Michele M_UW_05 27 10I was descended on my father’s side from Jewish immigrants. My grandfather and grandmother grew up in small towns in Russia that were only a few miles from each other, yet they did not meet until they moved to America many years later.

My grandfather, Joseph Libin, was born in 1885 in the old Lithuanian province of Minsk in what was then known as the Pale of the Settlement and now is called Belarus.1

He left Russia in 1896 at age 11 and traveled through Eastern Europe, later moving to England where he worked as a cabinet maker. In 1907 at age 22 Joseph stowed away on a ship bound for America and landed in New York City.

In 1905 my grandmother, Esther Lagovsky, who was then 11 years old, immigrated to America with her family. She spent her adolescent years in New York going to school and working to help support her family. In 1914 at age 20 she traveled out west to visit her brothers, Charles and Max Login. They introduced her to their friend, Joseph Libin. Esther and Joseph were married in 1915 and settled in Lewistown, Montana to begin a new life.

Joseph had left his family at such a young age in order to escape the Russian pogroms and the crushing poverty that resulted from Czarist oppression. He wanted to make a new life for his family in America. He enlisted in the US Army shortly after settling here, then became a citizen when he finished his service. Because he had experience in cabinet making, when he first settled in Montana he set up shop, but then later expanded his business to other areas. Over the years he gradually built a prosperous business and raised a large family.

My grandmother too had left Russia at a young age with her family. They knew some of the traditions of their Jewish faith, but little of the Torah or the writings of the rabbis. She apparently tried to read the Torah to her family, but she knew very little of the sacred writings and was isolated from other Jews, as the nearest synagogue was a few states down in Salt Lake City, Utah.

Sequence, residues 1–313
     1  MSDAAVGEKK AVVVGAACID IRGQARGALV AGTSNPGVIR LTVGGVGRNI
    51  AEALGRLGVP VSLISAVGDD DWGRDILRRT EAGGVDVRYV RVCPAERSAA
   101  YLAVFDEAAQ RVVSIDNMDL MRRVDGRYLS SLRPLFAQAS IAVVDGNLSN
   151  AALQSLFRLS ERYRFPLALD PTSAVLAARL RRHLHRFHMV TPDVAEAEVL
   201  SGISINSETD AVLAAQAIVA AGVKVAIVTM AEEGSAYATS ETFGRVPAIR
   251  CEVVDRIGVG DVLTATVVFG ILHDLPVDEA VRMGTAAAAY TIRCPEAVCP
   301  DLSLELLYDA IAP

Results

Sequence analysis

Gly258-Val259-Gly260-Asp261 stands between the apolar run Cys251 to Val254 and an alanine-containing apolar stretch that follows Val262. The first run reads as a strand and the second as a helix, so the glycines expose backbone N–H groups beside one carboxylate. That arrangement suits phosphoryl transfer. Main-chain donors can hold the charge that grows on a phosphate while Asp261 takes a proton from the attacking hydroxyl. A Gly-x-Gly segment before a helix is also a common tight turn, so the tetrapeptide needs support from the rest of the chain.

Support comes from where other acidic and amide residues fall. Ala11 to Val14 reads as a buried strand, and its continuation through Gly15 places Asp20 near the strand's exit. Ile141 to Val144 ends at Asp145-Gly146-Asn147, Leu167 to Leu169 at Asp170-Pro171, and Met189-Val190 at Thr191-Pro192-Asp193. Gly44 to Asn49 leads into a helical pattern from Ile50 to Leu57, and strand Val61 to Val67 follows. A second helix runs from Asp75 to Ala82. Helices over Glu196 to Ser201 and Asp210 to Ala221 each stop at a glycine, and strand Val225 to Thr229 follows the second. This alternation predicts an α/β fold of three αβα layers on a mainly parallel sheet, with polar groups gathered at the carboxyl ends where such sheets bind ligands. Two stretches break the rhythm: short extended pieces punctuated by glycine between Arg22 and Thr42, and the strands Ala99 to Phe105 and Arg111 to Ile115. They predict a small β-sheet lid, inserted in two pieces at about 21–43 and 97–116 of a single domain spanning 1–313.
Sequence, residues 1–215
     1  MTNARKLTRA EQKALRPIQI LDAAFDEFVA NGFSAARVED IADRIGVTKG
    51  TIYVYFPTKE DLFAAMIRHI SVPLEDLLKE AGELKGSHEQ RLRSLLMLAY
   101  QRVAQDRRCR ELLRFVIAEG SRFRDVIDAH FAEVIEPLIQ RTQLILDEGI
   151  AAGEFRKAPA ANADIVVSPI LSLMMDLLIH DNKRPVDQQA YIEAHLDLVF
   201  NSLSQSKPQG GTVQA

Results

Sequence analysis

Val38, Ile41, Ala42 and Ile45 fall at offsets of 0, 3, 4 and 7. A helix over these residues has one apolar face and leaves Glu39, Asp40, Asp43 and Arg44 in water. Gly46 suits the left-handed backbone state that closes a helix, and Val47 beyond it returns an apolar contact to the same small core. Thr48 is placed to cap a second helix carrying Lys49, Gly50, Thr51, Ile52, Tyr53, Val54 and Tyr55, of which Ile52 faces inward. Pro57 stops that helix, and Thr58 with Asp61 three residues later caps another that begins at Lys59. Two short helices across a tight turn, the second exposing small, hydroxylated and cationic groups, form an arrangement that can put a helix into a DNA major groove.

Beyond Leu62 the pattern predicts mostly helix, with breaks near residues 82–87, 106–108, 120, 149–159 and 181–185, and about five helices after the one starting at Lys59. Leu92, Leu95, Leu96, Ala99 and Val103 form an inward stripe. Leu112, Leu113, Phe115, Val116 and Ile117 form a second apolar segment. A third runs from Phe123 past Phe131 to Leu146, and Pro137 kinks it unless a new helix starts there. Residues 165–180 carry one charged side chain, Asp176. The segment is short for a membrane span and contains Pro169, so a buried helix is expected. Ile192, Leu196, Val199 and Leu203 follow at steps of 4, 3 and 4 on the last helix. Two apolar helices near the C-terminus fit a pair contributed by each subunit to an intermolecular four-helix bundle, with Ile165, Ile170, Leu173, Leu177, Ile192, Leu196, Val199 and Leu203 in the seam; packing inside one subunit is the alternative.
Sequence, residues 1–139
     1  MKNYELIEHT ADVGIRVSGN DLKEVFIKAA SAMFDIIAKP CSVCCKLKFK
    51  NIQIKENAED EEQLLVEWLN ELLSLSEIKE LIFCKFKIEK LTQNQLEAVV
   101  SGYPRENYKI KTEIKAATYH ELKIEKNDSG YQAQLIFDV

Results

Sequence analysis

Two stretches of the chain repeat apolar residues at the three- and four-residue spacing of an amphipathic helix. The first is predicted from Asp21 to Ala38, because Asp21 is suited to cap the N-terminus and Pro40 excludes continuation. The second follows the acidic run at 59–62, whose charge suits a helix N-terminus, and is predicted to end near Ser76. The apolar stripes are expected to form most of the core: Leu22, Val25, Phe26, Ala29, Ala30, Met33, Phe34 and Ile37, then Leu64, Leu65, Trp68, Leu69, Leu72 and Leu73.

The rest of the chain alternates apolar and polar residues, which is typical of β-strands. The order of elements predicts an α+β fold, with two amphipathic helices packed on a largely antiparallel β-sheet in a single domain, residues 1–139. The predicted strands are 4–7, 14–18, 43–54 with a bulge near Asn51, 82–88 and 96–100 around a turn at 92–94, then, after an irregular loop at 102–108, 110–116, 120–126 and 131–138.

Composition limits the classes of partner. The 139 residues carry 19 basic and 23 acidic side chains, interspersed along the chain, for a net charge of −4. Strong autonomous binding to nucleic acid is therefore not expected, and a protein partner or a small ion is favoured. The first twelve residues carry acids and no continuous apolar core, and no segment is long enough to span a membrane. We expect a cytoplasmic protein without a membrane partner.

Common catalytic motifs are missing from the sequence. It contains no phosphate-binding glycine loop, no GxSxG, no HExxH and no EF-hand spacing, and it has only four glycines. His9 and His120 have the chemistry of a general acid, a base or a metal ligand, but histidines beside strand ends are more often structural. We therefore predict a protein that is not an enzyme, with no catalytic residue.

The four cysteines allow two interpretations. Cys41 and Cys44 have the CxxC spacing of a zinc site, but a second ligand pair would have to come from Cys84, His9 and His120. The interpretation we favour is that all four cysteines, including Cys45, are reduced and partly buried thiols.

My Father and Mother Meet in Australia
My father Herb thus grew up in the middle of Montana in a secular world without the knowledge of the God of Israel. His father Joseph had taught him the value of hard work and entrepreneurship in his adopted county, a value shared by all of his siblings and subsequently passed down to my generation.

In the middle of World War II my father met my Australian mother Shirley in Sydney near where he was stationed as a US Army serviceman. Mother, who had a deep love for the Jewish people, fell in love with my handsome father and they were soon married. Mother, now a “war bride,” traveled to the United States on a troop ship with her 6-month old daughter, my older sister Stephany. They made their way to Lewistown, Montana where they moved into the large home of Grandfather Joseph, awaiting my father’s return from the war.

Mother had been raised Catholic, so her children were also supposed to be raised Catholic. This was acceptable to my Jewish father, who only thought of himself as an American soldier, not as a Jew, for Joseph had wanted his new family to assimilate into the culture of his adopted country.

At the end of the war my father returned home and nine months later I was born. It was now late November of 1946—I was among the first wave of the post-war baby boomers. Three years later my parents divorced and my mother moved us to Oregon where one of my aunts lived.

My Early Years in the Radical 1960s
In the late 1960s and early 1970s, I went the way of Jewish leftism, joining with many East Coast Jews who had moved to the Pacific Northwest, attracted to the environment and the leftist communities that had begun to form there.